There were times, though, when discussions of texts like A Raisin in the Sun or Frankenstein, became fun; when I had had enough coffee and some sleep and the students were awake and I found a thread that interested them. Those were good times- my students would surprise themselves with interesting words or images that they hadn’t thought about, or even noticed, before. Discussion would be buoyant, energetic, charged.

But then there were the times when I’d get all excited or giggly about a character or scene in a novel and my students didn’t get why I was acting so strange. I’d try to explain why I found the Yiddishisms in Goodbye, Columbus so brilliant, or why I was so deeply disturbed by the brilliant, encroaching prose of The Turn of the Screw.

And then there were times when a student would say, “wait, why do you expect me to keep these books after the semester ends?”

But there were also students who asked me for reading recommendations, or expressed their love for a favorite writer or series.

So it took a while, but I learned from my colleagues and from experience something that everyone eventually learns: that just because you love to read, doesn’t mean teaching literature is simply an extension of it. If you’re meant to be a teacher, that’s what you’ll do. But no one makes it easy for you. You don’t just live in a world of ideas and words- you have to deal with all of the administrative stuff that goes with it. You have to perform, entertain, excite, and grade grade grade and hold office hours and also read all those books you assigned.

I will always love the idea of teaching, and I’d like to teach again at some point in the future. But thankfully I was introduced to other literary spheres: publishing, blogging, reviewing. Working at a press, writing for Book Riot, and starting my own bookish blog have shown me that there’s a whole other world out there where you can express your love for this author or that book and other people will feel the same way. You can surround yourself with people as ravenous for books as you are, and it doesn’t involve grading (I loathe grading) or nudging students.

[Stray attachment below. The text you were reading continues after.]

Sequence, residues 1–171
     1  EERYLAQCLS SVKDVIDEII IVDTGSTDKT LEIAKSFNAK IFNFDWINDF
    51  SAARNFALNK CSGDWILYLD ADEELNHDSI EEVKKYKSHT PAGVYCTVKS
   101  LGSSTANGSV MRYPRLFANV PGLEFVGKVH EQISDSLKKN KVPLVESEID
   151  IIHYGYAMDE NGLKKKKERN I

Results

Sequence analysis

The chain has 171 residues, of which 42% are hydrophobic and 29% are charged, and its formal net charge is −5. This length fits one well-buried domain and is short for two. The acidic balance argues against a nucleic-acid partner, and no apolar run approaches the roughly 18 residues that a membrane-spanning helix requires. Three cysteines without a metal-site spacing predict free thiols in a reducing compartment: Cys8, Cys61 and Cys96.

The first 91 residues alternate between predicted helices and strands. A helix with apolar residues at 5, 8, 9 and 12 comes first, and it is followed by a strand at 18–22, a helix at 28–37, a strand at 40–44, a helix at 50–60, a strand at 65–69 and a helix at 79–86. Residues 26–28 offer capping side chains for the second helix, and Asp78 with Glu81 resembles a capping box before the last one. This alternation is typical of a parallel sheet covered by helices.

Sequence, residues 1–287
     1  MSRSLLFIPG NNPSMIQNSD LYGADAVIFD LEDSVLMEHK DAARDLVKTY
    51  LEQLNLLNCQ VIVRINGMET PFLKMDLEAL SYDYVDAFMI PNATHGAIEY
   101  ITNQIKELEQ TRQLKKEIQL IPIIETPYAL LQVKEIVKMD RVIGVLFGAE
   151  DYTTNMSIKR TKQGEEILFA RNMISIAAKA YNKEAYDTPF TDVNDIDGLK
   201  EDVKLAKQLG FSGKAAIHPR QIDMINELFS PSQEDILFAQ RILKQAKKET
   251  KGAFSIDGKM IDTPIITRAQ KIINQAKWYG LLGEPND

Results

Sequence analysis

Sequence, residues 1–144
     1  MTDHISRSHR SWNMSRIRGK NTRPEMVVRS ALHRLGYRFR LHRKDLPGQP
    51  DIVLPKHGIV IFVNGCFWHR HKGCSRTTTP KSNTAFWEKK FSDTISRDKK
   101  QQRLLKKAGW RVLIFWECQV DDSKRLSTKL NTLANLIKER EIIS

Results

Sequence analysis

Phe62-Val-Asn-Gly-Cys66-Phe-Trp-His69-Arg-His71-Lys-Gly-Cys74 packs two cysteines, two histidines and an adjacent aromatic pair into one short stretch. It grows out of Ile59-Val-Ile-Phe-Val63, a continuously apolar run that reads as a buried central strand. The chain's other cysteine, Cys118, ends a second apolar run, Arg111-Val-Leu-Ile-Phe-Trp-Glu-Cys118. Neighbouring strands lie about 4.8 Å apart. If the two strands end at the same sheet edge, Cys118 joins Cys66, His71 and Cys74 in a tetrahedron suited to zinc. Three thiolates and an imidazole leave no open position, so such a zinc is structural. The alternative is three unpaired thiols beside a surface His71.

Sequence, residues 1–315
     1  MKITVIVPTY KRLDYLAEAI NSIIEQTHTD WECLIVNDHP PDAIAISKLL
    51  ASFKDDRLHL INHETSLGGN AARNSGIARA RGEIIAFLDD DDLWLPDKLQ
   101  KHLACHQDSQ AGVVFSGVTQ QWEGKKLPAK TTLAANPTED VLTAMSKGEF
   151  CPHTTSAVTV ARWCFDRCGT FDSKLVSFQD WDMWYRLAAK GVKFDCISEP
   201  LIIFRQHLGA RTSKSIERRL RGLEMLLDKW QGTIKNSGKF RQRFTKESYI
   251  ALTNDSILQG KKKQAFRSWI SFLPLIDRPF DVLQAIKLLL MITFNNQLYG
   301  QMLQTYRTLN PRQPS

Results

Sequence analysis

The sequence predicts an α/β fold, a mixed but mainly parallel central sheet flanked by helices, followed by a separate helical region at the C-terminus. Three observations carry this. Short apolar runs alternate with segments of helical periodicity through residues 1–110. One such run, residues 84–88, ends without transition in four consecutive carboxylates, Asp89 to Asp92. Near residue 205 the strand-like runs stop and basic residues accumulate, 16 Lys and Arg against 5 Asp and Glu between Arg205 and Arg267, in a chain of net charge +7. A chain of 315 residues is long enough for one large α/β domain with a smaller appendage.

I suppose, after years of college and grad school, I was tired of using the jargon and writing so formally and losing my own voice in the process. I was tired of explaining why Melville was a genius, and just wanted to drool over Melville with other people who drooled when his name was mentioned.

What I’m trying to say is, teaching what I love wasn’t the dream I thought it would be. I learned to come down to the level of reality when necessary, and navigate the different spheres of my life according to my responsibilities. Even at my most frustrated moment, though, my love of reading never waned. And now that I’m fortunate enough to have time to read each day (without it being the middle of the night), my joy has only increased with the contemporary writers whom I’ve finally discovered for myself.

So even if you don’t become an English teacher, you can still teach literature by bombarding friends and family with your thoughts on the books you love and authors you admire. You can start a bookish blog or write for one. You can write your own novels. You can do whatever you want. As long as you keep reading.